Speed Checker – find out how fast your connection is.
Use the speed checker to find out how fast your current broadband connection is. It’s free to use and simple to do. CLICK HERE
Simple steps to ensure you get as accurate results as possible.
- Make sure you are not downloading anything on your PC / laptop.
- Shut down any software that uses the internet (e.g. web radio, Facebook, background downloads).
- Turn off any other computers, tablets, smartphones and games consoles that are sharing your wireless network.
- Ensure all broadband cables are properly and securely connected.
- With wireless routers, make sure you are as close to your wireless router as possible. Ideally you’ll be less than 10 metres away.
- Make sure there are no large objects between your computer and wireless router.
What does my speed actually mean?
It’s easy to be confused by terms like Mbps, Mb, MB and MB/s.
Broadband speed is generally measured in megabits per second. This is written as ‘Mbps’ or just ‘Mb’, sometimes this is also referred to as ‘meg’ or ‘megs’. A ‘bit’ is a single binary digit of data. There are 1,000,000 bits in a megabit. A Gigabit is a 1,000 Mbps and is written as Gbps.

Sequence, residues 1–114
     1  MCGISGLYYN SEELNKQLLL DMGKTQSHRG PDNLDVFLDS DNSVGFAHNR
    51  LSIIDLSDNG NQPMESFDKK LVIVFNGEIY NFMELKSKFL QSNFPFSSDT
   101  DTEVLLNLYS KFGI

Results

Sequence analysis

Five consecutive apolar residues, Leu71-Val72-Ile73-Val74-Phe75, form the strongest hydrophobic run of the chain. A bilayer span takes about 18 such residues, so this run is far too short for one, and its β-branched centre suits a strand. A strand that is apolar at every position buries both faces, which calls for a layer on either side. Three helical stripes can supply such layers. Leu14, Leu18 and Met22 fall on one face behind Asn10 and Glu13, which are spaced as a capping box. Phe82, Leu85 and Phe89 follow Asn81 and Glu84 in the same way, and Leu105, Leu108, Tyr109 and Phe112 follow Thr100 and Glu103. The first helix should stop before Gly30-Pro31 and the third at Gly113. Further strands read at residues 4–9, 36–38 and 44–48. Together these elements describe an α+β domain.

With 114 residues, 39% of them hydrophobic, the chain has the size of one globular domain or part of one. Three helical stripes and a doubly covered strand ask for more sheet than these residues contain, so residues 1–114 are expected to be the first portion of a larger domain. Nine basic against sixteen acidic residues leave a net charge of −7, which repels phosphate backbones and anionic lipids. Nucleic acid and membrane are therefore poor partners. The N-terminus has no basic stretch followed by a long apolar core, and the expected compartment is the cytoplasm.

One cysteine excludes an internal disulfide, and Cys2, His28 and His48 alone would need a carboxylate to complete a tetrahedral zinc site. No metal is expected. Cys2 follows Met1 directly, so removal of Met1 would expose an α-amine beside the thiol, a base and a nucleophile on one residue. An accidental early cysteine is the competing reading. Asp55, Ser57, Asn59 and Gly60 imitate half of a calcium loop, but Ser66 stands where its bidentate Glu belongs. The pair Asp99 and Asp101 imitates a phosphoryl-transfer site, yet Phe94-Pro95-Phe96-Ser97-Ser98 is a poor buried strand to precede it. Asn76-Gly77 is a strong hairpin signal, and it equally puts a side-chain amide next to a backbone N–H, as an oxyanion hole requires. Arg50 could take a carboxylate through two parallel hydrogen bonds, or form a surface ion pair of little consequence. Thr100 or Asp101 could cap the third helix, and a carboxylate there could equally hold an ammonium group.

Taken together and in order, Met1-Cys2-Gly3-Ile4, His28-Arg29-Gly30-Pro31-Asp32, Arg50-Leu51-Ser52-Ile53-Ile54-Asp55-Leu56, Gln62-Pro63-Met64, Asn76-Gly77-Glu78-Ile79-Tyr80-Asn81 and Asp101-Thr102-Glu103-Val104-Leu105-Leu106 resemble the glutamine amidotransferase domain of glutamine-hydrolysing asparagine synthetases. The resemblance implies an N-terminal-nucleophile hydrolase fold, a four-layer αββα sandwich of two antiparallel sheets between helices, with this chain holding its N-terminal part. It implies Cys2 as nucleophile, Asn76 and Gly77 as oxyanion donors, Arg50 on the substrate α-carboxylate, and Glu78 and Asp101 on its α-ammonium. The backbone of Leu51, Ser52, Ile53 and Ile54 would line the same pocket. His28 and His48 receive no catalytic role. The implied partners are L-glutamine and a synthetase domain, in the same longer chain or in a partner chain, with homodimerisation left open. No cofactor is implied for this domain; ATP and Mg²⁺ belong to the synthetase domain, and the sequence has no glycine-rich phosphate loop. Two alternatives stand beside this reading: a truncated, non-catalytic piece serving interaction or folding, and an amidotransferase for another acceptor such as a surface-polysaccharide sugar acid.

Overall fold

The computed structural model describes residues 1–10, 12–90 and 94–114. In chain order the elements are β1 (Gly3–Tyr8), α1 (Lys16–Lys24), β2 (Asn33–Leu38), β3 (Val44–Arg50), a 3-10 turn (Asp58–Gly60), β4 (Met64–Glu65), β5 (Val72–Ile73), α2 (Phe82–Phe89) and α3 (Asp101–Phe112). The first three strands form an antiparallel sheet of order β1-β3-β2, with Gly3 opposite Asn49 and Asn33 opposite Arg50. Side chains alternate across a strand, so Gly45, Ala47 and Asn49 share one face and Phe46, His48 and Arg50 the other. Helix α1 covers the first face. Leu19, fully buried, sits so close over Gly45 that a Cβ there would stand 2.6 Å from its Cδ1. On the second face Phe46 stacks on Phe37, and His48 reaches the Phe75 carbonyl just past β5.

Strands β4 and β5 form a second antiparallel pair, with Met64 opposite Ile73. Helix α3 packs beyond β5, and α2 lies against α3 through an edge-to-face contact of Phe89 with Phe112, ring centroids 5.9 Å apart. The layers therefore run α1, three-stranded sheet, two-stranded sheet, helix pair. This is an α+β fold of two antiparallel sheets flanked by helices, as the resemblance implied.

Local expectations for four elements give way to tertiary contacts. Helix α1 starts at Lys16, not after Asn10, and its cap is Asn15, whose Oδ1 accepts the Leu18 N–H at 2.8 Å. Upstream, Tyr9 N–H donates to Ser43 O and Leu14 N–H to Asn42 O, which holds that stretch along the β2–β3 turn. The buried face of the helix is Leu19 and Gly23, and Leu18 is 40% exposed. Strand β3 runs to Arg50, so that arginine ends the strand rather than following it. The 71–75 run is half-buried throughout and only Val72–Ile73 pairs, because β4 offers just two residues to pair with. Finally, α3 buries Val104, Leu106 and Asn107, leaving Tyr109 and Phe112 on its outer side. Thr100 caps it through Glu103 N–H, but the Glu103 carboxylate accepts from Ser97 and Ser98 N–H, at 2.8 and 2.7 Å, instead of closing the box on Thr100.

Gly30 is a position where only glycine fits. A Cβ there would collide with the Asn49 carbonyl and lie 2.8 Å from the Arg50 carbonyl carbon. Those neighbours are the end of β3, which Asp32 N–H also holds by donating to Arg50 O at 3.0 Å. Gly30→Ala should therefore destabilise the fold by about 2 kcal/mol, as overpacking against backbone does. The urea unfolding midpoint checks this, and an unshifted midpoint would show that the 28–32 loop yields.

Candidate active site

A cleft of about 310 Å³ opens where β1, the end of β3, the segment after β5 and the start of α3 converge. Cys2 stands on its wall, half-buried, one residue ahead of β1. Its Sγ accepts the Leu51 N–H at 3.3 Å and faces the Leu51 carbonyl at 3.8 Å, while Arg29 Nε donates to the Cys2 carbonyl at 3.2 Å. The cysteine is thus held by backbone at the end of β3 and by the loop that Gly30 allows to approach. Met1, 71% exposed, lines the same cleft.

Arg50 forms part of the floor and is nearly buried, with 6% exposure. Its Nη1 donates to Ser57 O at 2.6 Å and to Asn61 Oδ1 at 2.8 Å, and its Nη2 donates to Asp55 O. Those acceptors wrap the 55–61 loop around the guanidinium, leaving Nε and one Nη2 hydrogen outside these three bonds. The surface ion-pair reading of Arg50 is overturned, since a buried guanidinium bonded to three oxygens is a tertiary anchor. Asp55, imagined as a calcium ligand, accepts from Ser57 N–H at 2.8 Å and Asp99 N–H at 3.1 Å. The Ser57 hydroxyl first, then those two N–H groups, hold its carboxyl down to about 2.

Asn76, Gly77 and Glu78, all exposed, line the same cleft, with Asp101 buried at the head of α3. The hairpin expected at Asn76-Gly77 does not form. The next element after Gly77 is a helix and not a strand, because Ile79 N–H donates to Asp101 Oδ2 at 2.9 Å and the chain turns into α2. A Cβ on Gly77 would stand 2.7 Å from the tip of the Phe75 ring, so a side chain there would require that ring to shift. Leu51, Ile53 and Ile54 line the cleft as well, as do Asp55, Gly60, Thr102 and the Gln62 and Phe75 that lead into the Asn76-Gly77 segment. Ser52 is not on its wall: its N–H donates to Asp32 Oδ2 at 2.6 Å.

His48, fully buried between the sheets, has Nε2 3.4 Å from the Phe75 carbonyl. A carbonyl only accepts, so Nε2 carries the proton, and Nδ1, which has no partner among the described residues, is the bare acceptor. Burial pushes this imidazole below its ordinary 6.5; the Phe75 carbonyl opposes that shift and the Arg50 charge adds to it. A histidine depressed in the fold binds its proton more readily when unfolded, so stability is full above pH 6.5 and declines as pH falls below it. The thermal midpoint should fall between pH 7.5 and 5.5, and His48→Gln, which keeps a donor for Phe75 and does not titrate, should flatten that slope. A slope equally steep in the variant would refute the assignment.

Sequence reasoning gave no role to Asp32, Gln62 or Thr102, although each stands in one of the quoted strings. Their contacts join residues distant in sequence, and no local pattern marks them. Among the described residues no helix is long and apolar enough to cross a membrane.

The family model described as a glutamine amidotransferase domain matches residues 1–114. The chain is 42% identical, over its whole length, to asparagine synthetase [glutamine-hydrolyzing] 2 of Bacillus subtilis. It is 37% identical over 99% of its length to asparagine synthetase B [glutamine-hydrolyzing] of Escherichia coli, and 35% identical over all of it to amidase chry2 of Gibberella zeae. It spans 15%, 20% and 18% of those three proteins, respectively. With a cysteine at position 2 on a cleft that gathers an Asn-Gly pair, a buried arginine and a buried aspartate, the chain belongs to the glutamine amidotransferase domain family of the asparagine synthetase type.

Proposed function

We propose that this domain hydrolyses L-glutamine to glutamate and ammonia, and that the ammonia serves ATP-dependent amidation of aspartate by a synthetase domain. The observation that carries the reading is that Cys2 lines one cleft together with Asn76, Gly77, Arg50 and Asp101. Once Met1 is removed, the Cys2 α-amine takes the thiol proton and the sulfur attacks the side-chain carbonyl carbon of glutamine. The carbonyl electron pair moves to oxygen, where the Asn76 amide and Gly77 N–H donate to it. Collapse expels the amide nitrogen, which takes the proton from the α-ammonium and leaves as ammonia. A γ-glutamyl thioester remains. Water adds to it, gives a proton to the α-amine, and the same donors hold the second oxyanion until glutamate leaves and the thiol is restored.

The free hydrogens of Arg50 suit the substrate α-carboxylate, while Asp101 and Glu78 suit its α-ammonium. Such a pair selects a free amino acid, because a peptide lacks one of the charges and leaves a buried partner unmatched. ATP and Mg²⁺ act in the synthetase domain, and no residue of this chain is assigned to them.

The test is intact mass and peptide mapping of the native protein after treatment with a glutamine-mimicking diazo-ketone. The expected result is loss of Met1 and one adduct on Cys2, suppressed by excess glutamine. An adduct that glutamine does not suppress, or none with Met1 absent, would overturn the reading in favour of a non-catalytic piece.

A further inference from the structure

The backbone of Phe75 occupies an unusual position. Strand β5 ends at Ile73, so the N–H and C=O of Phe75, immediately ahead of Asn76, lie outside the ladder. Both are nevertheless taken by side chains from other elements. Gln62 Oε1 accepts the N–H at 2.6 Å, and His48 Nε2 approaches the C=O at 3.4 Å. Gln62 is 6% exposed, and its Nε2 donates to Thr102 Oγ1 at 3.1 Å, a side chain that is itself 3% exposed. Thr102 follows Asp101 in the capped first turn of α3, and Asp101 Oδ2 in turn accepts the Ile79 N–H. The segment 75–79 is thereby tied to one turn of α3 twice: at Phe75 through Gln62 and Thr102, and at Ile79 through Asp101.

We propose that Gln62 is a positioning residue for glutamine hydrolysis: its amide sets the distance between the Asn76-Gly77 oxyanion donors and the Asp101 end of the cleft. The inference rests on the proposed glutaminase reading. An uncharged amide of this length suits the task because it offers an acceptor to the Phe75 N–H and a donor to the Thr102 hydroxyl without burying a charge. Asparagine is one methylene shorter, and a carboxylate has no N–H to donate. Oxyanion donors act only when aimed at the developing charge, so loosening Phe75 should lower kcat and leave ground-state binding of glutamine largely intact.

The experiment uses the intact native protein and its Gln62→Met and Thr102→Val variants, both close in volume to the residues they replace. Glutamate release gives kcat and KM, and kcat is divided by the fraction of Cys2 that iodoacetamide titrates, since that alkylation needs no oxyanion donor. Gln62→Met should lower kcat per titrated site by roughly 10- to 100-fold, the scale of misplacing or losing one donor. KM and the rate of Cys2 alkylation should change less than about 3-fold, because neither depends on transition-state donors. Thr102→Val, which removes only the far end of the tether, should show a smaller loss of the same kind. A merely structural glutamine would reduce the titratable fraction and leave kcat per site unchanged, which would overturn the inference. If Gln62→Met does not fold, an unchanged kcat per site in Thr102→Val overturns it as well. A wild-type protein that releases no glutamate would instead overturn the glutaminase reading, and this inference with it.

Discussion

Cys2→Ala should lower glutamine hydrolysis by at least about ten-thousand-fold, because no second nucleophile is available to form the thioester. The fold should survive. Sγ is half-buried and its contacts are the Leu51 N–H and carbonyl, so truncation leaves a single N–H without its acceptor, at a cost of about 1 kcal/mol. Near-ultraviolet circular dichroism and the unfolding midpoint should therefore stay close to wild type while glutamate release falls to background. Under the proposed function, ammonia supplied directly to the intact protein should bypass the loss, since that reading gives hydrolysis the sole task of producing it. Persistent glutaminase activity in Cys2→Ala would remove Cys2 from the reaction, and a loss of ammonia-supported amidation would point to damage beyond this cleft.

Most computers measure filesize in ‘bytes’ rather than bits. Bits tend to be abbreviated to lower case b while bytes are abbreviated to upper case B, so a MB is very different to a Mb. Megabytes per second tend to be written as ‘MB/s’ or ‘MB/sec’. There are 8 bits to 1 byte, 1024 bytes to the kilobyte and 1024 kilobytes to the megabyte. This means that there are actually 1,048,576 bytes or 8,388,608 bits in a megabyte.
File transfer speed, as reported during a download, is likely to be measured in megabytes per second rather than megabits per second, which means this is more than 8 times slower than you might expect if you thought megabits and megabytes were equivalent.